Some days ago, Rep. Ro Khanna and Rep. Tim Ryan, two Democrats in the House of Representatives, proposed the emergency money for the people act that helps fix the problems that were present in the CARES act. The problem with the cares act is that it excluded a lot of people. It prohibited undocumented immigrants and excluded college students and a few other types of workers who desperately need money because they were unable to work due to the shutdown. To add on to that, are some people who can not get approval for unemployment in their state, like Undocumented or part-time workers. Some workers are only eligible for the $600 in the care act and not the additional state benefits. Such a bill like this would help patch specific flaws in the original proposal. It also has options for the un-banked with the opportunities to send money to Venmo accounts, Cash app accounts, and Paypal accounts for those who don’t have traditional or even more modern fintech bank accounts.
For the past couple of years, rising allegations from environmental groups have accused The Environmental Protection Agency (EPA) and the agricultural industry of lackadaisical environmental regulations and poor Agriculture practices, which are triggering a collapse of colonies in the wake of the most recent demising in bees.
When I was growing up, productivity was never really an action that I could do well. Maybe it's due to the constant distractions of being Young, but ever since I started college productivity, (unless I was super into the topic) was just painful. The ability to focus on something that wasn't about my everyday life caused me a lot of frustration and it lost my interest in a matter second; it wasn't until I started to study at a university when my productivity increased. What changed? Nothing Really, except for the music I was listening to while studying. I didn't change the times I studied; I didn't change the length of studying I didn't even change the amount of caffeine or coffee I would drink. No, I traded the music. In my second semester at San Francisco State University, I took a class called the music of John Coltrane.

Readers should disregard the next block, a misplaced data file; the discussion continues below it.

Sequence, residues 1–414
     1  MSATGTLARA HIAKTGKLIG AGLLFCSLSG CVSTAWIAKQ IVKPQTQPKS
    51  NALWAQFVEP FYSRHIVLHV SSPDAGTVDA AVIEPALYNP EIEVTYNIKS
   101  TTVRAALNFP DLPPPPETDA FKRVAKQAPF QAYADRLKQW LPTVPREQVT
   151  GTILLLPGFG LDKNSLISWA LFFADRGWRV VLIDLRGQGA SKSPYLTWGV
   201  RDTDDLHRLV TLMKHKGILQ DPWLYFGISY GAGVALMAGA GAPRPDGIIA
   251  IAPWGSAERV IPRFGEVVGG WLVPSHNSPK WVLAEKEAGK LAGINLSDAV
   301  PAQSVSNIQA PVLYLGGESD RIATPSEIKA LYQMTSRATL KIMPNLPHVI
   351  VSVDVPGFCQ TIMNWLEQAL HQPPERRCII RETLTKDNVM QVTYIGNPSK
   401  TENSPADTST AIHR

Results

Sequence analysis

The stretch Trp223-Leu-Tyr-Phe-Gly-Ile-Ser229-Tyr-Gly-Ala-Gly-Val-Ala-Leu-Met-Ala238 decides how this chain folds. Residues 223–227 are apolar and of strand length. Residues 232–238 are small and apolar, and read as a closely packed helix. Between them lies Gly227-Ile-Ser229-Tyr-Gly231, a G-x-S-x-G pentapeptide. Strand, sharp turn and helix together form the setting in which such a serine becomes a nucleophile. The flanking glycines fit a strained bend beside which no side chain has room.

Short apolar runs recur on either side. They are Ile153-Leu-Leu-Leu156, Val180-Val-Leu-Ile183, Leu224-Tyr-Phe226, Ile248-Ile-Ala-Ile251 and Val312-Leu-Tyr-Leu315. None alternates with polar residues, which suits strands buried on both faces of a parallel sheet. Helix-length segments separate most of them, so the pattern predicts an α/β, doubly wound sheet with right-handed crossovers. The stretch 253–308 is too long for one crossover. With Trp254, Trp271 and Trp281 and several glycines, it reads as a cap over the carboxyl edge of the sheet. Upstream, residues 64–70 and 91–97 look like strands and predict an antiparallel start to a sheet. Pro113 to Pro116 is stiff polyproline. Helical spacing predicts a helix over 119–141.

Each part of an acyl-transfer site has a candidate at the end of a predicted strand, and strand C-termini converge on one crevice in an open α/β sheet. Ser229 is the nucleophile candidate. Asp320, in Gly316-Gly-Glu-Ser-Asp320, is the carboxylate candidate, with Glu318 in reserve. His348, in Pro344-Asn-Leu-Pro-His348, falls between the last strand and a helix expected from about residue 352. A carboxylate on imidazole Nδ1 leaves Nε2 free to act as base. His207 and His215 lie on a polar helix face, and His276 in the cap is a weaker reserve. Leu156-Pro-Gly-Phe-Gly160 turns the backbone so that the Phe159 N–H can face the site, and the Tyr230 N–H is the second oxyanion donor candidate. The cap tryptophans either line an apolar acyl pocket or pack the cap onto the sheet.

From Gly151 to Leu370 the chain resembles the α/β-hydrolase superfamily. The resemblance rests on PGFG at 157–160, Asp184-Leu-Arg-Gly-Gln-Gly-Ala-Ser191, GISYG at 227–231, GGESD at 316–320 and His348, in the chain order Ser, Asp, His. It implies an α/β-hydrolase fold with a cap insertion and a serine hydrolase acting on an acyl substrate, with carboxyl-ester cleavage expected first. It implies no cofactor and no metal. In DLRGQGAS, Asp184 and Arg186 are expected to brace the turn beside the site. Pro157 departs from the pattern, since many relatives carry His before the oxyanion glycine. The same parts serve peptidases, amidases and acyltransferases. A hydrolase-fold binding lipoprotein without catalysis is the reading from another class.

Its 9:00 AM, you wake up, and immediately reach for your phone, scrolling through your social media: your Facebook, your Snapchat or your Instagram, as you do. Scanning through your news feed, you’re reading posts from celebrities or models, pausing to peruse it, envying their extravagant lifestyle. You come across a picture of said celebrity: nicely dressed, well posed, and standing in the middle of a walkway, in Milan or Rome, or even Fashion Week in NYC. Or how about, when you see the same person next to their Maybach, and during that moment it’s as if someone took the perfect snap shot of that fleeting moment. While you’re sitting there on your bed and you think to yourself “Wow, why can’t that be me? Why can’t I have a picture perfect life where people will take random pictures of me in public?” Does this story sound familiar to you?
One of the greatest aspects of democracy is the freedom of diverse thought and speech (intellectual Property). The Media is the best way of ensuring that and these aspects of democracy survive. The media is everywhere nowadays, on our phones, our TVs and every-time we go out of the house we are confronted by the message of media. It's no wonder then that media is the largest industry in the world, and only growing bigger.